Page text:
There is a story that a president of a pet food company ate some of his own dog food, to show how good it was. I’m not sure how tasty dog food really needs to be, given that dogs are happy to lick their own backsides. But his commitment is admirable. The least we can do as software developers is to use our own software as much as possible. After all, if you don’t use it, how can you expect anyone else to?
In that spirit I have been using my new Easy Data Transform product as much as possible. The biggest project so far has been merging two databases, for a charity that I volunteer at. I created an Airtable database for the charity. But volunteer information was already in a separate CRM. I imported relevant CRM data into Airtable, but the CRM system remained in use for emailing volunteers for a couple of years while I concentrated on Airtable and other tasks. In that time the Airtable database has become a roaring success for the charity. So we eventually decided to retire the CRM system and also use Airtable as our CRM.
Consequently I had to merge the latest CRM data into Airtable. I exported the relevant data from each as a CSV and then proceeded to merge the mailing list tags from the CRM into a new column in Airtable. I also created tables of discrepancies for the charity staff to work through. For example, where the telephone numbers or emails had been added or updated in one database, but not the other.
When I had initially imported the CRM data into Airtable, I had imported the CRM ID record. So those records were easy to match between Airtable and the CRM using a simple join on the ID. However any records added subsequently to Airtable or the CRM did not have matching IDs. So I had to match those by first name + last name or email address. The data was quite ‘dirty’, as is invariably the case with real world data. A phone number may be “0123 456 789” on one system and “01 23456789” on another. A volunteer might be “Chris” in one database and “Christopher” in another. Also some contacts had multiple entries in the CRM system. So this was not a trivial problem.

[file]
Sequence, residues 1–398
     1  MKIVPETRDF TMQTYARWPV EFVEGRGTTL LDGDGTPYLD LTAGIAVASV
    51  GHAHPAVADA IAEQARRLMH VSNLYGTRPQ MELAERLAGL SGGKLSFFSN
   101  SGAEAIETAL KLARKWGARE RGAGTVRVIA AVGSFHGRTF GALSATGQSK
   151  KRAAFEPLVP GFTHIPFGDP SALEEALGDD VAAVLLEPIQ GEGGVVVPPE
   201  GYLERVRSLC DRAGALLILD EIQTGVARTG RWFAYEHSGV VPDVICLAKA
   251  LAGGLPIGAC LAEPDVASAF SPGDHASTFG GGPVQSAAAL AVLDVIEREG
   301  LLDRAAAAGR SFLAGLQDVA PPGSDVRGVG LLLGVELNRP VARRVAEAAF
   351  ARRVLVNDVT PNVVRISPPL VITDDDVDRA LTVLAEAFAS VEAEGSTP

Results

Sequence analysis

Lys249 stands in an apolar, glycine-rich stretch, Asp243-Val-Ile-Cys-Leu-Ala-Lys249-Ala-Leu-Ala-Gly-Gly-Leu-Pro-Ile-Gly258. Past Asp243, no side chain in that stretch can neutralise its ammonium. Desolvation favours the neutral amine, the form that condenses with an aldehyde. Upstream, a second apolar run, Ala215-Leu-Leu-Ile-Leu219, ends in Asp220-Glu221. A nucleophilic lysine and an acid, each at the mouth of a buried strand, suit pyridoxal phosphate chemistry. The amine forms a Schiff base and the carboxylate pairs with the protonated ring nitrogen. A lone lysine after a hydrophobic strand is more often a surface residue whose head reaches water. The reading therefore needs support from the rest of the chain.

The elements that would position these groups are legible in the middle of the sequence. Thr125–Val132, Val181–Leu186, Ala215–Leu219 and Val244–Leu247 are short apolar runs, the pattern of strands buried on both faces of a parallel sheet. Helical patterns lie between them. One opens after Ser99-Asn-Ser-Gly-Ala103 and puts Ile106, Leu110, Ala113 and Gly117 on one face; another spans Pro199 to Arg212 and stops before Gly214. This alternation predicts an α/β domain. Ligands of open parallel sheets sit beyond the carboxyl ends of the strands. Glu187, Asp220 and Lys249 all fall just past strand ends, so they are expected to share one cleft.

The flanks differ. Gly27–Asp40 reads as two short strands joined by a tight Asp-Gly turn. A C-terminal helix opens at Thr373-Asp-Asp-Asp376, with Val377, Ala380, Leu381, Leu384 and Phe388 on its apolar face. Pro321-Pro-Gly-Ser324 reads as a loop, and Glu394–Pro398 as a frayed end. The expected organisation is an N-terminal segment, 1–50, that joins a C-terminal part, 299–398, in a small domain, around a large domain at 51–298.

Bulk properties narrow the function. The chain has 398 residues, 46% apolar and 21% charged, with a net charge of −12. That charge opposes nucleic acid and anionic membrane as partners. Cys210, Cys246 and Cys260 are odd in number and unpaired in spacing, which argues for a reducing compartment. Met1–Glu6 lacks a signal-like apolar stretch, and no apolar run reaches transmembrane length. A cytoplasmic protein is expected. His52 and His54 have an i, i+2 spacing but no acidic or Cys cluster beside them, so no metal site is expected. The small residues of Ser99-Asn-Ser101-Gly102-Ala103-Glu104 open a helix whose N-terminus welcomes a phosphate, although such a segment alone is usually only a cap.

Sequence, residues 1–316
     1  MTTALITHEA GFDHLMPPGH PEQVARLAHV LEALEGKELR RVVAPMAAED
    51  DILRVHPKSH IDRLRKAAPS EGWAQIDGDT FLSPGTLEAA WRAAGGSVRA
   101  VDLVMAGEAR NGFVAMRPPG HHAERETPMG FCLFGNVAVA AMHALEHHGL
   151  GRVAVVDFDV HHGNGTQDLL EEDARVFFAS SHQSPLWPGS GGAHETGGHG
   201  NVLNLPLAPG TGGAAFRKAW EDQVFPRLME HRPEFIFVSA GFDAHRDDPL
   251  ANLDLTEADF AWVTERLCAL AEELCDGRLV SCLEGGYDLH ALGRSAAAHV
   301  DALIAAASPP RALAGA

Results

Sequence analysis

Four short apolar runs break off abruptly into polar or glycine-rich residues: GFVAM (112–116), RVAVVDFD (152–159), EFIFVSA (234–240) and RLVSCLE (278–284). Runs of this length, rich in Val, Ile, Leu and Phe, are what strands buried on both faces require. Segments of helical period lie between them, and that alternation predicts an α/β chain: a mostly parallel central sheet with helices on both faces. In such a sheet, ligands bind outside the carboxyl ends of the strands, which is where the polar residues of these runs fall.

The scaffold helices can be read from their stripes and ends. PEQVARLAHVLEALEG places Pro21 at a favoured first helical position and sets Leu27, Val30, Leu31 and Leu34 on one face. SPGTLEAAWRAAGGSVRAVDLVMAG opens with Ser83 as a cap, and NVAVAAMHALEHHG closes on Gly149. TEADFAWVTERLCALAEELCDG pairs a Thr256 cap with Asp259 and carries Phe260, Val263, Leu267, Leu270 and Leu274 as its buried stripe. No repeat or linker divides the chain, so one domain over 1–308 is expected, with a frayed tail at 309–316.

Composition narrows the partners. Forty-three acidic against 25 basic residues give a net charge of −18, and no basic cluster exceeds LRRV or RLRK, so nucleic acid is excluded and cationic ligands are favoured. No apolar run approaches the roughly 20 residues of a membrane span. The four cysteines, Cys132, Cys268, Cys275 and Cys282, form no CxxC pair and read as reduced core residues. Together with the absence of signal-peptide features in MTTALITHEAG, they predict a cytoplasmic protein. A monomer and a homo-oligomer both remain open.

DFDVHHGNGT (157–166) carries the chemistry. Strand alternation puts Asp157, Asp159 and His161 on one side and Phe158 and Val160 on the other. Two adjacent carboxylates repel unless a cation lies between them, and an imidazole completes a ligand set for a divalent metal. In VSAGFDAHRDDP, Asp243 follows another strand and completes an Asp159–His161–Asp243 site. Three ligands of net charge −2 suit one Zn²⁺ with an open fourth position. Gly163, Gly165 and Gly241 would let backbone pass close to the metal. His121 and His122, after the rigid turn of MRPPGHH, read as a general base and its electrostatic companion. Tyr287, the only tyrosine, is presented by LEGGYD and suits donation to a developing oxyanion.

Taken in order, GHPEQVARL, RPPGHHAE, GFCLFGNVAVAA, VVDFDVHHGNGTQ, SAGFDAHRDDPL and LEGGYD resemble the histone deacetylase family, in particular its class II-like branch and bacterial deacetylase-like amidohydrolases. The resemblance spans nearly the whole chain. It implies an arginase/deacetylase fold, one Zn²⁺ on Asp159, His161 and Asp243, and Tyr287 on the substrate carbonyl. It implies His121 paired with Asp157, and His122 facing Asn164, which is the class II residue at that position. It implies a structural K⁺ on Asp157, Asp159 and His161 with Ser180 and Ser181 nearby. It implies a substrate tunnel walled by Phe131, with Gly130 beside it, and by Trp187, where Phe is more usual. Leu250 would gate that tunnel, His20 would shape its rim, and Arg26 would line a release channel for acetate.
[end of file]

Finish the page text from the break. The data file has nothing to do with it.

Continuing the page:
You can get an idea of what was involved from the screenshot above. The two pink input nodes are the 2 databases exported as CSV files, the blue nodes are various transforms (joining, filtering, removing spaces etc) and the green nodes are the outputs (e.g. lists of telephone and email differences, lists of people in one database, but not the other etc). Quite a lot of the transforms are just column renames (in future I should probably support renaming multiple columns in one transform).
I think this would have been a horrific task using Excel, SQL, Beyond Compare or any of the other tools I had to hand, amazing tools as they may be for other tasks. But Easy Data Transform performed brilliantly, even if I do say so myself. It was particularly helpful that you could see the whole process step-by-step and backtrack or branch at any point without losing previous changes.
While eating my own dogfood, I found one bug (related to carriage returns inside CSV records) and quite a few minor annoyances. These have now been fixed in the latest release. I also added a new ‘Compare Columns’ transform, which was really useful for this sort of work. So it was a very useful experience and I really recommend ‘eating your own dogfood’ as much as you can, along with usability testing.
Have you got some data that needs cleaning, merging, de-duping or filtering? Analytics, log files, emailing lists, databases? Of course you do! Why not give Easy Data Transform a try. It is free while it is in beta. Let me know how you get on.